Master class

The film doubles as an anthropological study of old dude hat choices.

The film doubles as an anthropological study of old dude hat choices.

Rated 4.0

In Going in Style, director Zach Braff’s remake of the 1979 caper comedy, Michael Caine plays Joe, a retired steel worker. His pension has dried up, his mortgage is in default and he’s received a foreclosure notice from his bank. He gets no sympathy from his banker, who hardly remembers Joe or the usurious refi he (the banker) talked him into three years ago.

Joe’s best friends, Willie (Morgan Freeman) and Albert (Alan Arkin), are in the same boat: Their pensions are gone too. At a meeting of former employees, they all learn why. It seems their old company has been gobbled up by a conglomerate that moved offshore and liquidated the pension fund, leaving retirees high and dry. And Joe’s bank brokered the deal.

It so happens that on that fruitless visit to his oily banker, Joe had one of those life-changing experiences that you don’t recognize until after the fact—the bank was robbed by a trio of masked gunmen. Joe noticed with admiration the robbers’ efficiency, storming in, grabbing the money and making their getaway with the precision of a well-oiled Swiss watch. Like Fred Astaire dancing, they made it look so easy that now Joe, looking back, thinks, “Hey, I could do that.” It takes a while to talk Willie and Al into it, but we know he will; if he didn’t, there wouldn’t be a movie.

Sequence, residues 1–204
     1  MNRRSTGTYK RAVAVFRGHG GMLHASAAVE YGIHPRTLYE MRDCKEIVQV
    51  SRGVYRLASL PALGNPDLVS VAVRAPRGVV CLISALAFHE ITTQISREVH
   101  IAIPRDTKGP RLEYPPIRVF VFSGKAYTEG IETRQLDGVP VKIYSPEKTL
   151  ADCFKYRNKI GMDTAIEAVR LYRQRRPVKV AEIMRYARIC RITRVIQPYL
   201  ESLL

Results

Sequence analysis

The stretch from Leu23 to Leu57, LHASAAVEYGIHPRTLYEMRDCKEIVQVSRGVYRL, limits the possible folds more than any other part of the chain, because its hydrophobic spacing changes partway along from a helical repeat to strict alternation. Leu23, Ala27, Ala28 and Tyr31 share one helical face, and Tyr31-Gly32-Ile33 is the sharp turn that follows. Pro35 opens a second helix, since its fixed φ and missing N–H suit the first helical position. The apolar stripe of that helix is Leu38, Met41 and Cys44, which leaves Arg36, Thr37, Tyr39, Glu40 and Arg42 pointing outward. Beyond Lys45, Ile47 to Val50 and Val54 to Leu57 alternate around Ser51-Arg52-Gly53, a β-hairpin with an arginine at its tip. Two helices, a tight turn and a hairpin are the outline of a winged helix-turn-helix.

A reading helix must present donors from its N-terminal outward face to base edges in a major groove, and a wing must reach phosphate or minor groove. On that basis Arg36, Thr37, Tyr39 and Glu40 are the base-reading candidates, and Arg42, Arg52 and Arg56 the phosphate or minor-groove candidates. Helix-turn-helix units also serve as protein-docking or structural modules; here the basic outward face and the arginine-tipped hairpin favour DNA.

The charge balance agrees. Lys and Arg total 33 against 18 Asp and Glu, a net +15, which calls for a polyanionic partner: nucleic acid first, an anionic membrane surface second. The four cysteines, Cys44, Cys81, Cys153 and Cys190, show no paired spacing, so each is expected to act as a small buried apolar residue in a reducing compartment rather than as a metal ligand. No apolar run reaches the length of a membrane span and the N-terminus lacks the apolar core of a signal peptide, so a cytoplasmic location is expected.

Up to this point, Going in Style looks to be just another shambling vehicle for over-the-hill stars, like Last Vegas or Grumpy Old Men—a lightweight comedy that skates by on the pleasure of old pros in action. Then about midway there’s a scene involving Joe’s ex-son-in-law Murphy (Peter Serafinowicz), a ne’er-do-well pot dealer peripherally involved in Joe’s planned heist, and Joe’s granddaughter (Joey King), to whom Joe has been surrogate father since Murphy flaked out. There’s nothing plot-related or mechanical in the scene, and it begins to hint at something more under the movie’s formulaic surface.

Then the formula itself really perks up. Writer Theodore Melfi shows that his Oscar nomination for Hidden Figures was no fluke, as he takes the story places it never went in 1979 (when the stars were George Burns, Art Carney and Lee Strasberg). It becomes more complex, with more surprises and higher stakes—about $2 million more than the paltry $35,000 George Burns and company were after—and works itself out with the satisfying symmetry of, yes, a well-oiled Swiss watch. Director Braff keeps things moving with his usual sprightly charm (though he and Melfi do hit us over the head a bit with the climactic Big Reveal), and there’s a pleasant bonus in the form of Ann-Margret as a romantic match for the curmudgeonly Al.

And one last thought: Keep your eye on a girl named Annabelle Chow; she’s going places, and you heard it here first. She has barely five minutes of screen time, but Academy members take note—that supporting actress category was created for performances like hers. For your consideration.